Ketamine and Post-Induction Hypotension Again?

Written by Clay Smith

Spoon Feed
After ketamine use became widespread for prehospital RSI in an Australian EMS system, there was an associated increase in the rate of post-induction hypotension.

Why does this matter?
We covered the NEAR articles that raised concern about ketamine and post-induction hypotension. EMCrit said – not so fast. Yet, here is another study that has found a similar association with hypotension and ketamine.

Seems like I have seen this before…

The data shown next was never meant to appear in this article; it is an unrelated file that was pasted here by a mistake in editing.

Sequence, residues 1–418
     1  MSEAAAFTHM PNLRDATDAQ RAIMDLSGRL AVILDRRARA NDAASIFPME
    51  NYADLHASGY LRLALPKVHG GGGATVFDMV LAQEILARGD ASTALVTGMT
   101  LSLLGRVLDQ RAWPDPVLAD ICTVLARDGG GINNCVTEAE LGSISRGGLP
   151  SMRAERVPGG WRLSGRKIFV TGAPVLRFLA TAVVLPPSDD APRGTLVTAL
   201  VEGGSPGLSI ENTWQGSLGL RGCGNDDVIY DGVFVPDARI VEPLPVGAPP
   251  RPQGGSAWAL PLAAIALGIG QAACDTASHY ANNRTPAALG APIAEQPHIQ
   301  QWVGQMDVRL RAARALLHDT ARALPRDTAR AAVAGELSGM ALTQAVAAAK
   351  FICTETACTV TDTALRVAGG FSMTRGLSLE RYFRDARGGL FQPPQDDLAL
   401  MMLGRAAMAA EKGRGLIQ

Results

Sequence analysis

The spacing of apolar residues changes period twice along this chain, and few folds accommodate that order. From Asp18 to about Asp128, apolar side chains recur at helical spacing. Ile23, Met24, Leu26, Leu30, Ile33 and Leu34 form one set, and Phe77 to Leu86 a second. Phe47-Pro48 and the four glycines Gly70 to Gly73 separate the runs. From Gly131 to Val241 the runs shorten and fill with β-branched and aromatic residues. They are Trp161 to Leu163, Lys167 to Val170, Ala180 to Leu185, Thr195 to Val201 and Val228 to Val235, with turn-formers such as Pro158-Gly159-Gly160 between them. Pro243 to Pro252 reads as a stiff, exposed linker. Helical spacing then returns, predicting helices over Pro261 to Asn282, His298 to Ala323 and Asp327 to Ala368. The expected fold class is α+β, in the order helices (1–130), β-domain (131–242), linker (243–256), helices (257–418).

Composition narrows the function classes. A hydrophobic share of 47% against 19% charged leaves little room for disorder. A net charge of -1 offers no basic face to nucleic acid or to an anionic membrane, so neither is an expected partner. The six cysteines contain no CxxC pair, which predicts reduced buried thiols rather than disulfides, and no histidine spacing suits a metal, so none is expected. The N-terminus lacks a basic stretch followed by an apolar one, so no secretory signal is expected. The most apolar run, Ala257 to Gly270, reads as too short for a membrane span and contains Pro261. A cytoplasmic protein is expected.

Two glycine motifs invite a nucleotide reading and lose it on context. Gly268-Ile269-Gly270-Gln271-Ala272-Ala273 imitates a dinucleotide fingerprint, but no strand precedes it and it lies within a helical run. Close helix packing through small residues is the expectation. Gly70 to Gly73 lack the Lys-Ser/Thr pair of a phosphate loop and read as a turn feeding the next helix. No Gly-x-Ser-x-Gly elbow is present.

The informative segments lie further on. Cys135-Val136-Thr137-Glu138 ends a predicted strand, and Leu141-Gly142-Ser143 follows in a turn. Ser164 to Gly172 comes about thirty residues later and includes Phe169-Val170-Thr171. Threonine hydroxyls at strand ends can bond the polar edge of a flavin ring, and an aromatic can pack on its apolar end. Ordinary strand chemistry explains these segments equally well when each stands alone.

This was a retrospective study based in Australia that looked at 1,759 patients with presumed head injury who were intubated in the prehospital setting pre- and post-allowance of ketamine for induction in 2015: 792 patients pre-2015 and 827 patients after 2015. Pre-2015, 93-94% of patients were induced with fentanyl and midazolam. From 2015 to 2020, 92% received ketamine, progressively more and more each year. There was an initial increase in ketamine use >50% in January 2015 after the EMS policy change allowed it for RSI. They found an association with a 5% increase in post-intubation hypotension (SBP <90) immediately following more widespread use of ketamine in 2015, and the rates of hypotension increased over time as did the use of ketamine. Pre- and post-induction SBP dropped an average of 7.8 mm Hg after ketamine was introduced in 2015. This analysis is limited by its retrospective nature and may be confounded. However, even in the 2009 KetaSED RCT, there was a 5mm Hg drop in SBP in the ketamine group compared to the etomidate group, though this was not statistically different. Hypotension and ketamine is a concerning association that keeps popping up in the literature. Where there’s smoke, there’s [an association with] fire.